Introducing: Google Analytics

Google Analytics is a free Google-service to collect site statistics. The purpose of this service is to give the administrator an accurate insight on page views, visitor rates and traffic sources. By using this service, an administrator can adapt advertisements or parts of the site to make it more suitable for the readers.

Google Analytics offers several important functions, displayed on the dashboard, such as: the number of visitors, page views, average time people visit the site,.. . Also the service gives you very useful information on the site’s findability, a term for the ease with which information contained on a website can be found, both from outside the website and by users already on the website.

Google Analytics: the disadvantages

The service uses JavaScript, which means that it is possible that some visitors aren’t counted. This means that the statistics aren’t that complete and there might be some ‘holes’. That gives you a distorted view of the visitors. Another disadvantage: due to the performance of JavaScript, it sometimes take a little while to load the page.


Google Analytics gives you the opportunity to see dozens of KPI reports (Key Performance Indicators), but there are so many, even for advanced users. In this blog post, you can find the most important indicators a content creator needs to focus on.

  • Bounce rate: the number of visitors who enter the site and bounce (leave the site) rather than continue viewing other pages on the site. For example: if 90% of the visitors arrive at your site, view only one page and leave the site,  you have a bounce rate of 90%. The lower this rate is, the better. The average percentage is between 40 and 60 percent.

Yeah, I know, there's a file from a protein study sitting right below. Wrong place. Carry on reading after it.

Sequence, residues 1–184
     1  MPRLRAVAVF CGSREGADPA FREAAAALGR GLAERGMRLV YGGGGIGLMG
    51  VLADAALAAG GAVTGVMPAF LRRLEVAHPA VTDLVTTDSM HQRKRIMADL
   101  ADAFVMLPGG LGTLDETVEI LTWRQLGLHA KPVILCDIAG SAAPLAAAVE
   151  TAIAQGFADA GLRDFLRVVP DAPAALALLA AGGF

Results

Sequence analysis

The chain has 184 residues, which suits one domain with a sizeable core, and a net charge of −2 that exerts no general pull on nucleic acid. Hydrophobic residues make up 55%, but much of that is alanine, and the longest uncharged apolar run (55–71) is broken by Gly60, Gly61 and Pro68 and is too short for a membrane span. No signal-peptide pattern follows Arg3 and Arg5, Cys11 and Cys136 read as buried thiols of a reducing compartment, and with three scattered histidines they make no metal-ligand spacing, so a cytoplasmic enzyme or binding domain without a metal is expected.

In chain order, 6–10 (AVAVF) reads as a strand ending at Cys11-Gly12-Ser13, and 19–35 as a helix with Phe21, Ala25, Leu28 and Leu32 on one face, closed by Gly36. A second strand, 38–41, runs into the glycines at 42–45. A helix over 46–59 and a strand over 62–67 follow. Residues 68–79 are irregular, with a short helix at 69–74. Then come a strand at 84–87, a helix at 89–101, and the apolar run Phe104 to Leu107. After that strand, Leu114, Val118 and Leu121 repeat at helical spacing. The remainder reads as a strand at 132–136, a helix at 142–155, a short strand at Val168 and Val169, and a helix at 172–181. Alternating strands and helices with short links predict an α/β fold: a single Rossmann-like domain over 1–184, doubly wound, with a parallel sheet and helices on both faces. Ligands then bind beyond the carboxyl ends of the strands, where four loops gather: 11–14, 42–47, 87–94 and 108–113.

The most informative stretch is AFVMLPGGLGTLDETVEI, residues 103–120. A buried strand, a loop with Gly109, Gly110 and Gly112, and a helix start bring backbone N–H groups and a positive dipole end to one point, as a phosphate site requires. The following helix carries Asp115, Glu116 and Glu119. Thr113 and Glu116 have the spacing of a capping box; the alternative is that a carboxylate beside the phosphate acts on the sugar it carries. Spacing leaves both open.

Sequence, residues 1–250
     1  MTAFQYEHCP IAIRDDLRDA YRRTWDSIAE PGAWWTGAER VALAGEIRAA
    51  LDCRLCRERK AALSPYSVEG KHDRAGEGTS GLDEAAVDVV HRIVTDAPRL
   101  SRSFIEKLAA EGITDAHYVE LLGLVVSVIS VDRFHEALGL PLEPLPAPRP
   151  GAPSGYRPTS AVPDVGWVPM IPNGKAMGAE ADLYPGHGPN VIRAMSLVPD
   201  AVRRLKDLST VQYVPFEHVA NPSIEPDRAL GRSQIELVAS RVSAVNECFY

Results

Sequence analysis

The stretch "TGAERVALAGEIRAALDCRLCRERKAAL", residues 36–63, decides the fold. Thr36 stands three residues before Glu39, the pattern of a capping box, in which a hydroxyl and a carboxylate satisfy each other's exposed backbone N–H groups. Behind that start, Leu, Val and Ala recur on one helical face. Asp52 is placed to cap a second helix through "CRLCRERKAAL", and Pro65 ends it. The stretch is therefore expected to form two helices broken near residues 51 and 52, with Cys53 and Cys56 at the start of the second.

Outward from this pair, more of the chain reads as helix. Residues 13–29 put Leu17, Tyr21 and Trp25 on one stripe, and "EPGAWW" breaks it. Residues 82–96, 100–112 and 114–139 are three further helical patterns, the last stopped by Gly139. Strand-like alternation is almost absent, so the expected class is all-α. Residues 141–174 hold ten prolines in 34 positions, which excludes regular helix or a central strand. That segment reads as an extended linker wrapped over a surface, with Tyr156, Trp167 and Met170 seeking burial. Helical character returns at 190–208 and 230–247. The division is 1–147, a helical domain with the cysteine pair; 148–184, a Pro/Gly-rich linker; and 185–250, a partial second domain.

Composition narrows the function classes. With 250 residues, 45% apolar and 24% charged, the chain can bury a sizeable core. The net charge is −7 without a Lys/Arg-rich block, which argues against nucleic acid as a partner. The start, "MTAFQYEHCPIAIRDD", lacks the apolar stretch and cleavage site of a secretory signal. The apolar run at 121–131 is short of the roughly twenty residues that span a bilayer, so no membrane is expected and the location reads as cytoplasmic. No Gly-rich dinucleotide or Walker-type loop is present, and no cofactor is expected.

• Average time on site/page viewers per visit: a high number means visitors are engaging with your contents. Those two rates are not positively correlated: visitors may spend more time reading some selected contents, but view fewer pages during their visit, resulting in a high number in time and low in page views.
  • New vs. returning visitors: this depends on the focus of your site. if your organization is proactive in online marketing or promotion, you should expect a higher number of new visitors, otherwise someone needs to take a closer look  at either the promotion or the contents. on the other hand: a niche or hyper-local site may expect a larger portion of returning visitors.
  • Frequency and recency: how frequently do visitors return to your site within a time frame? If visitors only come once and don’t return you might think that you’re marketing your site to the wrong audience.

    Read the full article here.


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